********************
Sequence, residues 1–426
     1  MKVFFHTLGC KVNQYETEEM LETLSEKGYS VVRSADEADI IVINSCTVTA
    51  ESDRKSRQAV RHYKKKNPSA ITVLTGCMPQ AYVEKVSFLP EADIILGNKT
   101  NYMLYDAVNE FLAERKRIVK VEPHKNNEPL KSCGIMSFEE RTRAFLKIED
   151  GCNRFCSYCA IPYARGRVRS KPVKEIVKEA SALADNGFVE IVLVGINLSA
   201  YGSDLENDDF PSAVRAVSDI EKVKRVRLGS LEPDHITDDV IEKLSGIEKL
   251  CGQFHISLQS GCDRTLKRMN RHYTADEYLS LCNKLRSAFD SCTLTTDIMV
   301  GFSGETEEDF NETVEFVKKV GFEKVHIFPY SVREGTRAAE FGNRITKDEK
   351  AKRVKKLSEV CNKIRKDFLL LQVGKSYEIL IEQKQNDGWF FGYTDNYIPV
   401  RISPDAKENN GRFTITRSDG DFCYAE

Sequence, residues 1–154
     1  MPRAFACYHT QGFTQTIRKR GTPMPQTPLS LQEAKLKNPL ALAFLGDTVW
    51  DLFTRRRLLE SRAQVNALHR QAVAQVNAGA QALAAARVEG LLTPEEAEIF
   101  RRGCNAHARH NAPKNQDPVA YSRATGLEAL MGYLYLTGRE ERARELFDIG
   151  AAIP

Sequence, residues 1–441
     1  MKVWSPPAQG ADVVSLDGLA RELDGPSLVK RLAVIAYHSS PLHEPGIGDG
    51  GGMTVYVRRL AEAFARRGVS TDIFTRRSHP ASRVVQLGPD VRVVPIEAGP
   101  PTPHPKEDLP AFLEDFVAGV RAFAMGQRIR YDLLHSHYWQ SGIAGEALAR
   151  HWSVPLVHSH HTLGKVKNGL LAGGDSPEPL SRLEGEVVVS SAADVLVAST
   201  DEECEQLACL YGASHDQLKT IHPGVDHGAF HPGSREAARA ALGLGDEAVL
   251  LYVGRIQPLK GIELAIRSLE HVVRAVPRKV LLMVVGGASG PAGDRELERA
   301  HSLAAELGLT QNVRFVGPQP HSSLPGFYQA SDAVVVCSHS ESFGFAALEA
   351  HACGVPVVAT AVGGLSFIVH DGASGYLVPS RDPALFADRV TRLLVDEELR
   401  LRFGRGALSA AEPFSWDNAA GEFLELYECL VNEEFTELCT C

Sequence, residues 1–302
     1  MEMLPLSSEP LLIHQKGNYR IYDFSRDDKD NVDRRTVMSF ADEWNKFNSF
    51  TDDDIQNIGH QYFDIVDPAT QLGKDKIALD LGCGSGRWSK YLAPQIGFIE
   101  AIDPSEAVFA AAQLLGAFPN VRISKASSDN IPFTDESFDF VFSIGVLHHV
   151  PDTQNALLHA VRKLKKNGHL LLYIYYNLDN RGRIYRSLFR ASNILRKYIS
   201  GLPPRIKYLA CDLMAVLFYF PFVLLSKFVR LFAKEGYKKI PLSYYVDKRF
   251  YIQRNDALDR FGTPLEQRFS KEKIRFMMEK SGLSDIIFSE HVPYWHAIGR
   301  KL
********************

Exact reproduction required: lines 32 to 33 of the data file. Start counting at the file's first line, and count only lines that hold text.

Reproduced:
   251  YIQRNDALDR FGTPLEQRFS KEKIRFMMEK SGLSDIIFSE HVPYWHAIGR
   301  KL